This fine period photograph above shows a vessel in the original western lock approaching New Cut from the Wet Dock, with the clearly lettered Public Warehouse behind. It comes from the Ipswich Maritime Trust Occasional Paper No. 1 linked from our Wet Dock map page: "In 1882 an iron-framed public warehouse was built to the north of the original entrance lock, giving its name to Public Warehouse Quay, as seen in the photograph..., taken in the late 1880s. Remarkably, it stills stands today." The original lock, many would claim deliberately, required an awkward turn from New Cut to enter the enclosed dock. It was even more problematic for vessels wanting to enter from the Stowmarket direction. Eventually, the correct decision was made to create a new, southern lock which could be approached in a straighter line from the River Orwell.
Ipswich Historic Lettering: Public Warehouse period 3Photograph courtesy The Ipswich Society
The third historic photograph from The Ipswich Society's Flickr collection (see Links) may depict the Public Warehouse in the 1960s/70s. A line of brightly coloured buoys line one wall with three loading gantries suspended above. The 'PUBLIC WAREHOUSE' lettering can still be read through the rusty discoloration of the corrugated iron. The Public Warehouse was built in 1880-81, designed by Thomas Miller. It has a 120 feet by 60 feet footprint. (Information from Bettley: Pevsner, Suffolk East, see Reading List.)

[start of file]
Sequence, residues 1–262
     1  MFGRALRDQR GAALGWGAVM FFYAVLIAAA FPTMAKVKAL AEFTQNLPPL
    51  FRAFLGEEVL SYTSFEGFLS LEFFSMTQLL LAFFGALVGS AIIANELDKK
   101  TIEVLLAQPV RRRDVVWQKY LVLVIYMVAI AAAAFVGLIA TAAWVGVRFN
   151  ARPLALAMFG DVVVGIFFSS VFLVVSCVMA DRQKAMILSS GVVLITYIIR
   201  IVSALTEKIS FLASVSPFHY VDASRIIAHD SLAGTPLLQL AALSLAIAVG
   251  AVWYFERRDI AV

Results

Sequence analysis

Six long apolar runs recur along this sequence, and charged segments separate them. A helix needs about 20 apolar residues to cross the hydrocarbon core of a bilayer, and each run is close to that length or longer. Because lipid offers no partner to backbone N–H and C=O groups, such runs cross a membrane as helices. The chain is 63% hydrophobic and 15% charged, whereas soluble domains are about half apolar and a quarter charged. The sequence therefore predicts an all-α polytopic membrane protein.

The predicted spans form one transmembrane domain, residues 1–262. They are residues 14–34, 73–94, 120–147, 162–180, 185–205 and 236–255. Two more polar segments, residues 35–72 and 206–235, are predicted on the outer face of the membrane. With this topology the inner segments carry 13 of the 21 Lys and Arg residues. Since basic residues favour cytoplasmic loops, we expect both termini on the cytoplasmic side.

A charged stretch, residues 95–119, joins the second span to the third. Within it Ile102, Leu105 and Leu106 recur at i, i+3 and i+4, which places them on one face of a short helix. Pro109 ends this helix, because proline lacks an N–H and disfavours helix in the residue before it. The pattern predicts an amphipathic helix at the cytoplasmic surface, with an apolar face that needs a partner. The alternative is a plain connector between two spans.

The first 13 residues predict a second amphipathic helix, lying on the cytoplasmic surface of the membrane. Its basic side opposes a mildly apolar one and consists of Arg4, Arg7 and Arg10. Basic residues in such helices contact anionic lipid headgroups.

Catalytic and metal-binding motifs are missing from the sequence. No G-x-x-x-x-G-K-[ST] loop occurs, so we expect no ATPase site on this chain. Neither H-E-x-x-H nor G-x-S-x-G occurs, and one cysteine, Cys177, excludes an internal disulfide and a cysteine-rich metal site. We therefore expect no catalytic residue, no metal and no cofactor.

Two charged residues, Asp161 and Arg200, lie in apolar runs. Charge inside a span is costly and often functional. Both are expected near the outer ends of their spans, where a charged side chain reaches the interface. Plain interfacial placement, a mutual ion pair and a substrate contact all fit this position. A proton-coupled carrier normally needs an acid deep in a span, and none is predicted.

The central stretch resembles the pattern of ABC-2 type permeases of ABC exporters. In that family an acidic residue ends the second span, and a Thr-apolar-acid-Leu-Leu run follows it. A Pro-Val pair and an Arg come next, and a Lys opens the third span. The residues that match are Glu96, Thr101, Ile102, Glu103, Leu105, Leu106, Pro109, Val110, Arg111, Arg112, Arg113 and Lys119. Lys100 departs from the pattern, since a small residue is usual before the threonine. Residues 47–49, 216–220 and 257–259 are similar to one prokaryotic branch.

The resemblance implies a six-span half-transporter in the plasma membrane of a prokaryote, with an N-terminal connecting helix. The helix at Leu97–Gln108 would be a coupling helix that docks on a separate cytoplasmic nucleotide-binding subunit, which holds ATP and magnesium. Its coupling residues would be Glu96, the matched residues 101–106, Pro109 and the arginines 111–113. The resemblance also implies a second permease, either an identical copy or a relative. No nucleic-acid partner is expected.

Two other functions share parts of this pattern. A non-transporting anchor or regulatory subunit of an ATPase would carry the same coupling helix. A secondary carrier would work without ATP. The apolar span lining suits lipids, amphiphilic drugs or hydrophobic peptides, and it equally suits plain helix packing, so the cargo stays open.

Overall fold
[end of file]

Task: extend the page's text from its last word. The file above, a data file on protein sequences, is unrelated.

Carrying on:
For an aerial photograph of the Island with the 'Public Warehouse' clearly visible, see our Lost trade signs page.

Below: the characteristic tramway lines and interchanges; far more are preserved on the Island than on the northern quays. For much more on 'a rat's-eye view' (see the traps in photographs below)  of historic lettering and dockside furniture all round the Wet Dock see our Island at ground-level  and northern quays pages.
Ipswich Historic Lettering: Public Warehouse 4   Ipswich Historic Lettering: Public Warehouse 192013 images
As usual, the Ipswich Society website (see Links) is an invaluable source of scholarship. We can do no better than reproduce a slightly edited version of Ruth Serjeant's article from the IS Newsletter July 2009 (Issue 176).
"...[this] building, situated on the Island site, adjacent to what we now refer to as the old lock entrance in the New Cut. As some members may not have known about this building, now almost 180 years old and quite distinctive with its barrel shaped roof, I thought a few notes on its history may be of interest.